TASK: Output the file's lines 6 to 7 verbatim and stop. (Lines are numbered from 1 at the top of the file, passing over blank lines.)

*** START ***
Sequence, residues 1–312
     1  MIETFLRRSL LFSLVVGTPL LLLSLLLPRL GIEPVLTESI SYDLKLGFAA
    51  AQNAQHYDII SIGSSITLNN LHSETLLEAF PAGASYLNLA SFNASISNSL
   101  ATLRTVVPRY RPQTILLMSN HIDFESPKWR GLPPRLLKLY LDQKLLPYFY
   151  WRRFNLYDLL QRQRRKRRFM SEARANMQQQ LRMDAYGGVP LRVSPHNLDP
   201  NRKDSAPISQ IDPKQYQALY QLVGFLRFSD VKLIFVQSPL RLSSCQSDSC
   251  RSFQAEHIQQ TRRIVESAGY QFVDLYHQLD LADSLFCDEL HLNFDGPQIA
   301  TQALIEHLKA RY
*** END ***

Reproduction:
   201  NRKDSAPISQ IDPKQYQALY QLVGFLRFSD VKLIFVQSPL RLSSCQSDSC
   251  RSFQAEHIQQ TRRIVESAGY QFVDLYHQLD LADSLFCDEL HLNFDGPQIA